Author(s): GANDIWA EDSON, NGWENYA MARY M, WESTHUIZEN HUGO VAN DER, MATSVAYI WADZANAI, GANDIWA PATIENCE, HEITKNIG IGNAS M A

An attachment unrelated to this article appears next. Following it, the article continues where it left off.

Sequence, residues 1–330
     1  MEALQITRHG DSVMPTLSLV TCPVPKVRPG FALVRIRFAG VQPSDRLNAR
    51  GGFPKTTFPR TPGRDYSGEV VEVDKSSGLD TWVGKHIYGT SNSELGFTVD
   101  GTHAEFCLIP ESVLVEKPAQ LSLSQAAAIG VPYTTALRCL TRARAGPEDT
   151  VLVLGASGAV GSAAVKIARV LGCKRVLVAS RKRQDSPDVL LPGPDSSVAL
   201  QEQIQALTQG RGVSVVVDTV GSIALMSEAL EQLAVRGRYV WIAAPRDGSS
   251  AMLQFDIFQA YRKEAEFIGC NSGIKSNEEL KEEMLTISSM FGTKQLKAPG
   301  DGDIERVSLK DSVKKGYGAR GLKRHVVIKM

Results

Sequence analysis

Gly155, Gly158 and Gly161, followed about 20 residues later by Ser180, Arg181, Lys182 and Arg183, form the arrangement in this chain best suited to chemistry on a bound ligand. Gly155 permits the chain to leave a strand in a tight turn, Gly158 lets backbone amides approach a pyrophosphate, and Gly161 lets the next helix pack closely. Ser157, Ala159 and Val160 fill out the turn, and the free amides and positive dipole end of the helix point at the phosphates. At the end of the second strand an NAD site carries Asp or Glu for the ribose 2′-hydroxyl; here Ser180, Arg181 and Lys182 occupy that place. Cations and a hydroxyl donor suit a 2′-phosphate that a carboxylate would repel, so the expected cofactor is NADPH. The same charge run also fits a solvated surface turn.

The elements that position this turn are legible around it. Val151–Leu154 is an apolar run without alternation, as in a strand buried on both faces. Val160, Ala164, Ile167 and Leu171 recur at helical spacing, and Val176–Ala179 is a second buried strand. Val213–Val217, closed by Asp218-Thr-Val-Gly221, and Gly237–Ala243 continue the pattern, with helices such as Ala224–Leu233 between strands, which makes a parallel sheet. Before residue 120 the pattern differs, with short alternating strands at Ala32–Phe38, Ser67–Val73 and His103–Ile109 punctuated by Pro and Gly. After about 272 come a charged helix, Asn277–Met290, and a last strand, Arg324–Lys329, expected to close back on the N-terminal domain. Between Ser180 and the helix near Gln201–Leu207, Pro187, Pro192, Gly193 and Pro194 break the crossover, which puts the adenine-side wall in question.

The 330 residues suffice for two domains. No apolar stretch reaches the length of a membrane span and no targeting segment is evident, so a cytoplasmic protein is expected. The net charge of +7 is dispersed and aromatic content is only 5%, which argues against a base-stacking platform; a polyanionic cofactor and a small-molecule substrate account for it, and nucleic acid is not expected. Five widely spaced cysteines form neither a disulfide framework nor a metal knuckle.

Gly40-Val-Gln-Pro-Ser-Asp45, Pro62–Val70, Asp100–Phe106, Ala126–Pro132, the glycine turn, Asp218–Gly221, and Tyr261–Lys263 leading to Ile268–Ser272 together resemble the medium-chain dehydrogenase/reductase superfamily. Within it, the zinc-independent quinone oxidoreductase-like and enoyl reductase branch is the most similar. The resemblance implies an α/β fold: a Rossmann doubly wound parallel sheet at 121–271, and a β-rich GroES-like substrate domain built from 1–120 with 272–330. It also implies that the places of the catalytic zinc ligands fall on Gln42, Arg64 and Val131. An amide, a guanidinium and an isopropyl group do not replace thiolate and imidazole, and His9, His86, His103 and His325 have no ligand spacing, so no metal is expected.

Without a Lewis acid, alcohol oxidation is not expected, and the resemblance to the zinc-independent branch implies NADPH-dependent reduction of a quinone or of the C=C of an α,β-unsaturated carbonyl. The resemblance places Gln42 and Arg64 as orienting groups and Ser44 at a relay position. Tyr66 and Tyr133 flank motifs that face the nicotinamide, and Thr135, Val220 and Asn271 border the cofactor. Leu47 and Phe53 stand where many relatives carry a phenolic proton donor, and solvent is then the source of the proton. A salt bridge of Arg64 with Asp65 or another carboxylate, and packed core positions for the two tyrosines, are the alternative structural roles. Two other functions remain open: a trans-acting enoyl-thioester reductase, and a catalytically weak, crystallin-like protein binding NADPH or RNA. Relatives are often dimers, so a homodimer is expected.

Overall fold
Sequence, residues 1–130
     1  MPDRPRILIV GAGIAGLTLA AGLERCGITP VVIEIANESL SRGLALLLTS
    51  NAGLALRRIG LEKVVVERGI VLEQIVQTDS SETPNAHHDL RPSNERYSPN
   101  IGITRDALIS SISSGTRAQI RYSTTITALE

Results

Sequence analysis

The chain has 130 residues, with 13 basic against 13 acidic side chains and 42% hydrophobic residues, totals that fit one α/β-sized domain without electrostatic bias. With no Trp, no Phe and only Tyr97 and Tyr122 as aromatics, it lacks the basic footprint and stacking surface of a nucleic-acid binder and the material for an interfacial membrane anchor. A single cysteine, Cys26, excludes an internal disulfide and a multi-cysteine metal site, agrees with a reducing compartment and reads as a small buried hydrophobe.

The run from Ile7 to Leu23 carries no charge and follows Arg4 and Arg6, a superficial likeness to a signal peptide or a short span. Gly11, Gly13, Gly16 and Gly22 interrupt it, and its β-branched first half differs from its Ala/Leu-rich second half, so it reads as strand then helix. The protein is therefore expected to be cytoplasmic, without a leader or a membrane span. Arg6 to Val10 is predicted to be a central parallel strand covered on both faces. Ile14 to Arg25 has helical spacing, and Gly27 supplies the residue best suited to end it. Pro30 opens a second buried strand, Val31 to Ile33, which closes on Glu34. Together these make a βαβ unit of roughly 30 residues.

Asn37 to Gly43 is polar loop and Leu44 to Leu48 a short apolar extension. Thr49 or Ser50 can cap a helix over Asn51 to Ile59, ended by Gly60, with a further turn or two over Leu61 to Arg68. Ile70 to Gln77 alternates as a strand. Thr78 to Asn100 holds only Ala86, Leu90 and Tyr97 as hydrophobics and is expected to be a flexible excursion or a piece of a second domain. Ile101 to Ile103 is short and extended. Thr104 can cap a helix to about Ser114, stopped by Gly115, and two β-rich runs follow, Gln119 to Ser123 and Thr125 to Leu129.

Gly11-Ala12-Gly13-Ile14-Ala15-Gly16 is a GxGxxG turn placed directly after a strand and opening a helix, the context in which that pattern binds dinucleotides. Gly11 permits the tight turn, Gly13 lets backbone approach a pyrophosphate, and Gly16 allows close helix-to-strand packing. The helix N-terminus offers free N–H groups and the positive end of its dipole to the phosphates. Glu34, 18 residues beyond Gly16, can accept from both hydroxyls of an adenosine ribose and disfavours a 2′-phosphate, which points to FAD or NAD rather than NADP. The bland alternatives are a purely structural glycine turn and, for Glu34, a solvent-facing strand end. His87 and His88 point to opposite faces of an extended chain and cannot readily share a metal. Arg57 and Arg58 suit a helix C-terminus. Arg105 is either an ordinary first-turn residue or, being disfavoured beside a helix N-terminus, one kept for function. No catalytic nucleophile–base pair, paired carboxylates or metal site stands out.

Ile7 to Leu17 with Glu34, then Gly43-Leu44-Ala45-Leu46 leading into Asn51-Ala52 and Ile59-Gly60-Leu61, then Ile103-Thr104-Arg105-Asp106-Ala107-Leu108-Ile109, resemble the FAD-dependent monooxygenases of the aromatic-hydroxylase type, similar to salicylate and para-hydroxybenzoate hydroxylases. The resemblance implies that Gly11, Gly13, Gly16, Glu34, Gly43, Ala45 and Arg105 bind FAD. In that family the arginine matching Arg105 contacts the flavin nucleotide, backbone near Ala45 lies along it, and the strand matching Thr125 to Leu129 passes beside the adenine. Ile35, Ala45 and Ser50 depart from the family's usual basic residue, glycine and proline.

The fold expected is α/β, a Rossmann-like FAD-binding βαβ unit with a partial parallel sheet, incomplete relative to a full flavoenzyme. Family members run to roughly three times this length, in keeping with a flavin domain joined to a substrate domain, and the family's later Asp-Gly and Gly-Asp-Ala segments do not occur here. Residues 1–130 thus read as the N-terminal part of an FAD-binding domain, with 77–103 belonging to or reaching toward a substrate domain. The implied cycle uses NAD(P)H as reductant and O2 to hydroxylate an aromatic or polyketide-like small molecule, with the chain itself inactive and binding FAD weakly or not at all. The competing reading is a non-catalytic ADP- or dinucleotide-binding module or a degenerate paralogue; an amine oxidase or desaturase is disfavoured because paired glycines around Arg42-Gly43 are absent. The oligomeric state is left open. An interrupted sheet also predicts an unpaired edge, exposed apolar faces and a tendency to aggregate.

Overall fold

We compared densities and distribution of wild ungulates and domestic livestock based on aerial surveys conducted during 1991 - 2010 in northern parts of Gonarezhou National Park (GNP), Zimbabwe. The sampled area covered approximately 320 km2 (Chipinda Pools area) representing ca. 27 % of the GNP, which was colonized by a few herder families along with their cattle in the year 2000. We hypothesized that (1) human and livestock encroachment in the park would lead to decline in densities of native ungulates, and (2) wild ungulates would avoid habitats influenced by humans. The results show that cattle densities significantly increased after the year 2000 whereas the densities of the native ungulates did not differ significantly after 2000. The ‘no change’ situation in herbivore populations is attributed to strict anti-poaching measures and restriction of human activities within small portion (4 %) of the park. However, the aerial survey does suggest that human and livestock presence in the northern GNP did influence the distribution of wild ungulates. Repeat observations during various seasons would be necessary to understand the spatio-temporal segregation among cattle and wild ungulates.